Scientific American has an article on military research programmes that are attempting to optimise the brain for the next generation ‘warfighter’ – the US army’s jargon for the modern solider.
The SciAm article covers some of the technologies that might reduce the need for sleep, improve mental performance, and get rid of those pesky emotional reactions that crop up when faced with imminent slaughter.
If DNA testing for a fear gene is both scientifically and ethically dicey, what about setting out to create people who lack that characteristic? Would breeding humans without stathmin or other genes associated with fear reactions engender more courageous fighters? Would parents sign on for such meddling if they harbored ambitions for a child capable of a glorious military career or just didn’t want to give birth to a “sissy”? One problem, however, is that fear or its functional equivalent is one of those ancient properties exhibited by just about every animal. It surely has tremendous survival value. Removing it would be deeply counterevolutionary and would almost certainly generate numerous unintended and undesirable consequences for the individual, let alone thrust humans headlong into a fierce debate about whether enhancing ourselves has gone too far.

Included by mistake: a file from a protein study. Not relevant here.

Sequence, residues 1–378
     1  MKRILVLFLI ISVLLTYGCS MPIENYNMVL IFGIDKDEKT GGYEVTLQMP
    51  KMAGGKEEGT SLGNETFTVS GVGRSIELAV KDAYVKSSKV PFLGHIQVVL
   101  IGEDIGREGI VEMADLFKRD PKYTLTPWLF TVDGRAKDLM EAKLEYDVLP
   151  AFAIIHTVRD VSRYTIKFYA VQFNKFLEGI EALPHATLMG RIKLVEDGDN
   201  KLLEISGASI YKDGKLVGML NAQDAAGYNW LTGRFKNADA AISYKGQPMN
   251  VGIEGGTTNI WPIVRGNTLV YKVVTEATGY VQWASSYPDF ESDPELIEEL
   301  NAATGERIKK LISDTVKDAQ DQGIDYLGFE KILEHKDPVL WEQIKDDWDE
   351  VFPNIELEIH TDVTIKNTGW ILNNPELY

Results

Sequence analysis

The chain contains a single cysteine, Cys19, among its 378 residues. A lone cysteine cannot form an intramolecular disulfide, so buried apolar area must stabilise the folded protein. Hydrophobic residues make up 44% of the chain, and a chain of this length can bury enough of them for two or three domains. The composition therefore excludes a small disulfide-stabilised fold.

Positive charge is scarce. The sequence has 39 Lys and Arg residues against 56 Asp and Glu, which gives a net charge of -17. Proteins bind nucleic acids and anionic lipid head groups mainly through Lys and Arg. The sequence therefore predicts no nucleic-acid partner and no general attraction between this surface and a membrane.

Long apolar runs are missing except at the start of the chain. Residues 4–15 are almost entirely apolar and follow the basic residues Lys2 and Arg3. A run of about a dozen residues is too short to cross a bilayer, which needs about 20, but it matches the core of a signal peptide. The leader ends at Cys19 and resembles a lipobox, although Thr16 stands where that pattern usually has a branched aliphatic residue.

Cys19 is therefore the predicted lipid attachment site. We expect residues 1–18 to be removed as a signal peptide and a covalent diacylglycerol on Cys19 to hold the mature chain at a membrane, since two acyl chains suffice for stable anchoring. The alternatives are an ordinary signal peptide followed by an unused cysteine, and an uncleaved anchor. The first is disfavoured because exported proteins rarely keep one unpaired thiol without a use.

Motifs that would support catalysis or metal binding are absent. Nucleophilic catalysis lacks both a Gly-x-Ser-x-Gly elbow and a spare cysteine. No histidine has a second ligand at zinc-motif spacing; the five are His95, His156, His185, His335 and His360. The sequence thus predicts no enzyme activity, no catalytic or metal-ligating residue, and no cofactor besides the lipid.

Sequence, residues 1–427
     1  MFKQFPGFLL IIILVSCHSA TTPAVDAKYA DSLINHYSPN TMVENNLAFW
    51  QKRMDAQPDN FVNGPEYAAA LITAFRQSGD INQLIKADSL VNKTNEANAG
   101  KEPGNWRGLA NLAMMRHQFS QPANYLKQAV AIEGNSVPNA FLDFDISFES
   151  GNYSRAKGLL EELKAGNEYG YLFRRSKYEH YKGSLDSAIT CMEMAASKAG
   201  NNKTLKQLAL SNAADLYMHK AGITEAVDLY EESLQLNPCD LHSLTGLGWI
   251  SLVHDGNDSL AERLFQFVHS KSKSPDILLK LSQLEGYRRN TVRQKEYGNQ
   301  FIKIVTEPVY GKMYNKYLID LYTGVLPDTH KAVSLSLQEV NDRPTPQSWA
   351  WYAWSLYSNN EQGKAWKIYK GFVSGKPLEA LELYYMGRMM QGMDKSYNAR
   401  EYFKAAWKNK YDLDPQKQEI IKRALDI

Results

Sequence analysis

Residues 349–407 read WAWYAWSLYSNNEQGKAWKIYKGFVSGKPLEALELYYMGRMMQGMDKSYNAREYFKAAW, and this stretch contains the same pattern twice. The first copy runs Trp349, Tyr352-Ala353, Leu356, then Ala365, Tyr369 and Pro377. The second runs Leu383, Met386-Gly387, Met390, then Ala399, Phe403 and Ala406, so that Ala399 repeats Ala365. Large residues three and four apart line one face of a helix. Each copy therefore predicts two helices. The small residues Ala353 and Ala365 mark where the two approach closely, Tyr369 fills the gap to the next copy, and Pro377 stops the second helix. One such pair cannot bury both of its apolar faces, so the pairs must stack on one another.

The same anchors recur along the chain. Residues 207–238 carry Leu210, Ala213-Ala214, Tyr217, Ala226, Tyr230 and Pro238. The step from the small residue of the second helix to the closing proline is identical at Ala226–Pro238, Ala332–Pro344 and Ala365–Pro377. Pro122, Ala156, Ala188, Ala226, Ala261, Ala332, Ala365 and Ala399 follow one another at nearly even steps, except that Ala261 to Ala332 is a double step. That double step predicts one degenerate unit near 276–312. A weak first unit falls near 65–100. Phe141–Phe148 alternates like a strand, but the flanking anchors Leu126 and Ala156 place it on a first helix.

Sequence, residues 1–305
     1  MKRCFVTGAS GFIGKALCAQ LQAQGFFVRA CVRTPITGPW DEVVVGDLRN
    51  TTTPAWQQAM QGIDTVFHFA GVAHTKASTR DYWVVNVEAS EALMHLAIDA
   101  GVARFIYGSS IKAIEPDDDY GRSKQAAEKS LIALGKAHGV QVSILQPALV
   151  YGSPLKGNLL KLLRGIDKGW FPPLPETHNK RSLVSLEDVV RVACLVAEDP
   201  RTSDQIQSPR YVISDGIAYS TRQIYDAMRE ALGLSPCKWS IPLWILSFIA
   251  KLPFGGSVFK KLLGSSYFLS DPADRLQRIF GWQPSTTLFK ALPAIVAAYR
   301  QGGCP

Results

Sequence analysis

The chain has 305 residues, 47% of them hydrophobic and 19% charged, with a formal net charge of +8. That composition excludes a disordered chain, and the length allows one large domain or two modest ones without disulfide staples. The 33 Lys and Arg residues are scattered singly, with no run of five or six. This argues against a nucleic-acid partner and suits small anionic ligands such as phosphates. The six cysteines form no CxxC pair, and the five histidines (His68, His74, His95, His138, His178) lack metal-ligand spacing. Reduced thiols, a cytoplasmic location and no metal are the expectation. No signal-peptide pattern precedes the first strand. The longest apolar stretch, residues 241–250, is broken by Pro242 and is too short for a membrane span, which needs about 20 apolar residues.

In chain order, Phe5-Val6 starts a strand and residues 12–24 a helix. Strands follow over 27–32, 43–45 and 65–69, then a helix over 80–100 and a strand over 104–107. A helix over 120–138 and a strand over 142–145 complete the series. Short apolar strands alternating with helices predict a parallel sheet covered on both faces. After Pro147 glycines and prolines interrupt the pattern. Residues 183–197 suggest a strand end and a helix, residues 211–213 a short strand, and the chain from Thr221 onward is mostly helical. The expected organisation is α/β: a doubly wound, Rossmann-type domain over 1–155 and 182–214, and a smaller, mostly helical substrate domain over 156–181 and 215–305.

Proponents of such artificial enhancements argue that the changes may not be artificial at all. Is there even a valid distinction, they ask, between artificial and “natural” enhancements such as exercise and discipline? Aren’t we just trying to gain whatever advantages we can, as we have always tried to do, or are these techniques cheating nature? Can we manage the consequences, or are the risks for the individual and for humanity too great?
Link to SciAm article ‘Juicing the Brain’.